Antiproliferative surgery: Intraoperative mitomycin C versus postoperative 5-fluorouracil

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Abstract

The focus of glaucoma filtering surgery has evolved from the surgical aspects of fistulization to the alteration of postoperative wound healing. Intraoperative application of mitomycin C is generally accepted as an alternative to postoperative subconjunctival injection of 5-fluorouracil (5-FU) in patients with a poor prognosis. Early reports suggest that both agents have comparable effects in the management of refractory glaucoma with trabeculectomy. Although they alter wound healing, serious short- and long-term complications have been described with both drugs, including exuberant bleb formation and prolonged hypotony associated with macular folds and decreased visual acuity. Indiscriminate use of either drug in highly myopic eyes therefore appears inadvisable. The onset of wound leaks months to years after filtering surgery and the risk of associated bacterial endophthalmitis after conjunctivitis pose real threats to long-term visual function. The catastrophic complications associated with multiple applications of topical mitomycin after pterygia excision have not been reported following a single intraoperative application in filtering surgery. Complications of short-term corneal epithelial toxicity and conjunctival wound leaks, which are common with multiple injections of 5-FU following filtering surgery, have been substantially reduced by decreasing the total number of injections from twice-daily injections during the first postoperative week and once-daily during days 8 to 14 (total dose, 105 mg) to once-daily injections for the first week (total dose, 50 mg). Although intraoperative mitomycin is more convenient and easier to use than subconjunctival 5-FU, these agents may have comparable effects on the incidence of serious long-term complications, such as bleb-related endophthalmitis.

Original languageEnglish
Pages (from-to)76-85
Number of pages10
JournalChibret International Journal of Ophthalmology
Volume10
Issue number3
StatePublished - Jan 1 1994

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Filtering Surgery
Mitomycin
Fluorouracil
Injections
Endophthalmitis
Blister
Glaucoma
Wound Healing
Pterygium
Trabeculectomy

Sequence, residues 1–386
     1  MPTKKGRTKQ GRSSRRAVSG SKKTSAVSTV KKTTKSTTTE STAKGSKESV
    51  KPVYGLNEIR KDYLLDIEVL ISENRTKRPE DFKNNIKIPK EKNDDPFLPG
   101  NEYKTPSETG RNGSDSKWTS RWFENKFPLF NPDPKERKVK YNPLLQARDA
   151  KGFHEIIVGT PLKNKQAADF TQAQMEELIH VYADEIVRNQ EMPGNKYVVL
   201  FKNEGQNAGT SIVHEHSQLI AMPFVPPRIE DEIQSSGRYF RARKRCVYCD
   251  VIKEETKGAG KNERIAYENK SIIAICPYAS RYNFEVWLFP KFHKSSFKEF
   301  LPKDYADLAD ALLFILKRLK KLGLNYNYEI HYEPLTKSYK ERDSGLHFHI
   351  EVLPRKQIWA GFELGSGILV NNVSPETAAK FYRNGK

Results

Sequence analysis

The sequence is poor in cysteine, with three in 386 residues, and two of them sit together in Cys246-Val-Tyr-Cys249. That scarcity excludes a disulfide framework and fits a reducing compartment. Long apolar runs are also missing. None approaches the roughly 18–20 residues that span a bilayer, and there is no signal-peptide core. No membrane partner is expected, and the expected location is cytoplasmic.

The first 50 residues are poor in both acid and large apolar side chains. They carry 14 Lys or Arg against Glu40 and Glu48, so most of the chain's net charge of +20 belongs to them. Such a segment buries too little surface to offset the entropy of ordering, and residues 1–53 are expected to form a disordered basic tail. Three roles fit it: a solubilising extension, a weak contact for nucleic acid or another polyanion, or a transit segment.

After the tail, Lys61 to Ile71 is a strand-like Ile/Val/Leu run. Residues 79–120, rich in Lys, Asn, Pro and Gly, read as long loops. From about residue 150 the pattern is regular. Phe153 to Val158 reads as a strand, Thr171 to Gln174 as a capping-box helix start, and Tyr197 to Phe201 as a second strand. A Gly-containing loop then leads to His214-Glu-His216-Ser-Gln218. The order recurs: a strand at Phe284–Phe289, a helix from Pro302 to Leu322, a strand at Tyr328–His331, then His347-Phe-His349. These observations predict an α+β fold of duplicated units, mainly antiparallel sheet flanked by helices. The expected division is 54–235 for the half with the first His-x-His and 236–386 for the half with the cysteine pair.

Conjunctivitis
Wounds and Injuries
Pharmaceutical Preparations
Visual Acuity
Incidence

ASJC Scopus subject areas

  • Ophthalmology

Cite this

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title = "Antiproliferative surgery: Intraoperative mitomycin C versus postoperative 5-fluorouracil",
abstract = "The focus of glaucoma filtering surgery has evolved from the surgical aspects of fistulization to the alteration of postoperative wound healing. Intraoperative application of mitomycin C is generally accepted as an alternative to postoperative subconjunctival injection of 5-fluorouracil (5-FU) in patients with a poor prognosis. Early reports suggest that both agents have comparable effects in the management of refractory glaucoma with trabeculectomy. Although they alter wound healing, serious short- and long-term complications have been described with both drugs, including exuberant bleb formation and prolonged hypotony associated with macular folds and decreased visual acuity. Indiscriminate use of either drug in highly myopic eyes therefore appears inadvisable. The onset of wound leaks months to years after filtering surgery and the risk of associated bacterial endophthalmitis after conjunctivitis pose real threats to long-term visual function. The catastrophic complications associated with multiple applications of topical mitomycin after pterygia excision have not been reported following a single intraoperative application in filtering surgery. Complications of short-term corneal epithelial toxicity and conjunctival wound leaks, which are common with multiple injections of 5-FU following filtering surgery, have been substantially reduced by decreasing the total number of injections from twice-daily injections during the first postoperative week and once-daily during days 8 to 14 (total dose, 105 mg) to once-daily injections for the first week (total dose, 50 mg). Although intraoperative mitomycin is more convenient and easier to use than subconjunctival 5-FU, these agents may have comparable effects on the incidence of serious long-term complications, such as bleb-related endophthalmitis.",
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